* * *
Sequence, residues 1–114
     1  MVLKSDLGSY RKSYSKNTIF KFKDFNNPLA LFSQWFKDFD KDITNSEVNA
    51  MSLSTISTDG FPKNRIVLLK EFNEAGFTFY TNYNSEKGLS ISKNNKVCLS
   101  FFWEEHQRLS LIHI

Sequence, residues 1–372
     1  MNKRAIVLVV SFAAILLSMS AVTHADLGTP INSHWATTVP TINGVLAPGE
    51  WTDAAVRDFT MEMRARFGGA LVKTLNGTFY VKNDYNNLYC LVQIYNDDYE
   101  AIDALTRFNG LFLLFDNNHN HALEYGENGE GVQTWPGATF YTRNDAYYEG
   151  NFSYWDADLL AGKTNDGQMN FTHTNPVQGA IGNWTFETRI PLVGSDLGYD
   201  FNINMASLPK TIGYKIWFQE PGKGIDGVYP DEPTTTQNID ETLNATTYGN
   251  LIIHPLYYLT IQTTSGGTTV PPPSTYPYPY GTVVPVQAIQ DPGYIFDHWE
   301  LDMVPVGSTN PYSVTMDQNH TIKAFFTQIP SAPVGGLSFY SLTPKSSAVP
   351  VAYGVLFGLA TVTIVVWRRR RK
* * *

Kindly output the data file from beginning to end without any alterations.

Sequence, residues 1–114
     1  MVLKSDLGSY RKSYSKNTIF KFKDFNNPLA LFSQWFKDFD KDITNSEVNA
    51  MSLSTISTDG FPKNRIVLLK EFNEAGFTFY TNYNSEKGLS ISKNNKVCLS
   101  FFWEEHQRLS LIHI

Sequence, residues 1–372
     1  MNKRAIVLVV SFAAILLSMS AVTHADLGTP INSHWATTVP TINGVLAPGE
    51  WTDAAVRDFT MEMRARFGGA LVKTLNGTFY VKNDYNNLYC LVQIYNDDYE
   101  AIDALTRFNG LFLLFDNNHN HALEYGENGE GVQTWPGATF YTRNDAYYEG
   151  NFSYWDADLL AGKTNDGQMN FTHTNPVQGA IGNWTFETRI PLVGSDLGYD
   201  FNINMASLPK TIGYKIWFQE PGKGIDGVYP DEPTTTQNID ETLNATTYGN
   251  LIIHPLYYLT IQTTSGGTTV PPPSTYPYPY GTVVPVQAIQ DPGYIFDHWE
   301  LDMVPVGSTN PYSVTMDQNH TIKAFFTQIP SAPVGGLSFY SLTPKSSAVP
   351  VAYGVLFGLA TVTIVVWRRR RK